“I will be using sponge in the roses as otherwise the cloth cannot support the shape (of the rose),” says Jason, who is pursuing a course in cutting at the academy. 

Meanwhile, fashion students from Carven Academy of Fashion will be taking part in two categories – Cheongsam and Avant Garde. 

Ever wondered what to do with beer caps? Goh Boon Huey has put her father’s collection to good use – on a cheongsam. 

“I think there are over 1,000 beer caps on this dress, so it’s pretty heavy! It’s taken me quite some time to work on the dress as I have to flatten the caps with a hammer before gluing each one onto the white linen material,” she says. 

For her dress in the avant garde category, Boon Huey used multi-coloured cardboard to create a dress held together by metal rings.  

Designer Carven Ong says his academy aims to provide international standard training and knowledge to fashion students.  

“The academy was set up in 1991 as I wanted to share my experience with students interested in this field. I keep abreast of the latest trends and revise the curriculum of the academy accordingly. I want students to grasp not only the academics, but also the practical aspects of fashion design,” he says.  

Back to nature 

At the Center for Advanced Design (Cenfad) a collection featuring cabbages, flowers, corals and trees, promises to be a showcase of a myriad colours, shapes and textures. 

Lecturer and fashion designer Adnan Hassan says Cenfad will be presenting 30 nature-themed garments under the Avant Garde, Bustier, Evening Wear and Casual categories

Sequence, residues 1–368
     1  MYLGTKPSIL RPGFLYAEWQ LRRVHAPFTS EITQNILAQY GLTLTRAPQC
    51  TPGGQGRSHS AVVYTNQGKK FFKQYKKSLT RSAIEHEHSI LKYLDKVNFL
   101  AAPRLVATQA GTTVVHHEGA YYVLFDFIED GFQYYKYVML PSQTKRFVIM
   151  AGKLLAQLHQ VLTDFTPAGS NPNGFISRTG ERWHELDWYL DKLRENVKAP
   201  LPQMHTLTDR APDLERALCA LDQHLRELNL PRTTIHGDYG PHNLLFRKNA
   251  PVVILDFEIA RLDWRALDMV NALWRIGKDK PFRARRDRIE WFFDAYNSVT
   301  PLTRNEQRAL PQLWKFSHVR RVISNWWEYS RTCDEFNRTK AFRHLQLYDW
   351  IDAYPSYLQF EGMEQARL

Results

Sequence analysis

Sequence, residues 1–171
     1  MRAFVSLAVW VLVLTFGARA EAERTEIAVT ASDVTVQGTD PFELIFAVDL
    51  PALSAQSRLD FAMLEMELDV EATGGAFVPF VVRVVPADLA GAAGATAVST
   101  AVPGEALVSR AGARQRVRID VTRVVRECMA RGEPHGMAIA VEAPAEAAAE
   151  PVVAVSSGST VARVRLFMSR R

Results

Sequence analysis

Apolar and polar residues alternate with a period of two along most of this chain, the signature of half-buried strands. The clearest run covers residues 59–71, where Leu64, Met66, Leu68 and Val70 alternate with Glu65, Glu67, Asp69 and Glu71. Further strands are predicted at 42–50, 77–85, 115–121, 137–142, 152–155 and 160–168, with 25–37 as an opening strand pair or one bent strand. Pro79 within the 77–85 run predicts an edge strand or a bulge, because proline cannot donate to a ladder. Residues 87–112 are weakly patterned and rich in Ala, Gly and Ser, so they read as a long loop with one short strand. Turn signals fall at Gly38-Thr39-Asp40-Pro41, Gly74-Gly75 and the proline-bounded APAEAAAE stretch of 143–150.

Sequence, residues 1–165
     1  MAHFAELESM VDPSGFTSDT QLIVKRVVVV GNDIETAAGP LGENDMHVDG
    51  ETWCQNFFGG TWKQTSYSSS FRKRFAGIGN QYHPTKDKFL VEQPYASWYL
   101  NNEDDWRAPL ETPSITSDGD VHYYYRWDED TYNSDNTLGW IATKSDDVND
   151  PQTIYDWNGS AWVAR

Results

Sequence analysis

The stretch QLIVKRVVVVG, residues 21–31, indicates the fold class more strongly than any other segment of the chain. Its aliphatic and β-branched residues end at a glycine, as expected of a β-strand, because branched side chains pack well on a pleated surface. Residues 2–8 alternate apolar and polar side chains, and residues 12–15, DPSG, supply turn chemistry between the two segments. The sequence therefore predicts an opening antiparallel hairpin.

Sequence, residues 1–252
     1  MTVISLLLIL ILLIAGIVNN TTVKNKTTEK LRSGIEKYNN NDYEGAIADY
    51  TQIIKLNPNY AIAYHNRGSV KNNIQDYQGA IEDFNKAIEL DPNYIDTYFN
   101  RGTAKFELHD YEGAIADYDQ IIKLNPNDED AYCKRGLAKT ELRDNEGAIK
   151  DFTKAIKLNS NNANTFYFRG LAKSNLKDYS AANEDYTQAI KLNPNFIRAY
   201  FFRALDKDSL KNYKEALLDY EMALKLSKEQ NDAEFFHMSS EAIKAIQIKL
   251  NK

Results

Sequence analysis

Lee Jee Young, 24, from South Korea, will contribute three outfits in avant garde, bustier and casual designs. 

“The environment in KL is very good, especially for fashion, and with KL Fashion Week being so big, there will be more experience gained. Since we are students, we are encouraged to use cheaper fabrics as long as it brings out the look that we want,” says the aspiring fashion buyer whose avant garde design was inspired by the coconut tree. 

A FEEL FOR FABRIC: Malaysian Institute of Art fashion design students work hard to ensure that the patterns and designs come out just right for their one-of-a-kind creations.

A firm believer that fashion is all about people, fashion design student Joe Liang Yi Zhou insists that customers should always have something to play with when it comes to their clothes.  

He designed a “Joke Cheong Sam”, which features detachable sleeves and a nurse cap. 

“Fashion is not dull, it’s life. Designers should always strive to create the trends and not merely follow them,” he says.  

Browsing through a food encyclopaedia, Diza Nurizdlihar Che Mat, 18, chose to replicate the look of a red cabbage in her designs.  

“I love the texture of the cabbage and I want to show its intricacies in my dress,” says the second-year fashion design student who has spent RM1,000 and the last two months working on her four-piece collection. 

“This is a very good platform for the students to gain valuable experience. To be a well- rounded fashion designer, you need to have much exposure to all facets of the fashion industry and art,” says fashion design department head Rudie Tajuddin.  

ATTENTION TO DETAIL: Inspired by sea corals, Cenfad fashion design student Noor Sara Mohd Sani puts the finishing touches to her masterpiece by using wires to recreate the texture of the coral.

“Our students are encouraged to be versatile in their designs; they have definitely put a lot of hard work into this project. In fact, some of them spend as much as 14 hours a day working on the clothes,” he adds. 

Twelve fashion and textile design students at the Malaysian Institute of Art have been working against the clock for the fashion show.  

As part of their final-year project, the students will be presenting a total of 54 outfits in four categories – Wedding, Recycle Wear, Dripping and Mini Collection. 

“It’s not easy to become a fashion designer, you need to know the A to Z of everything involved in making the garment,” says head of Textile and Fashion Design Lai Hoo Chu.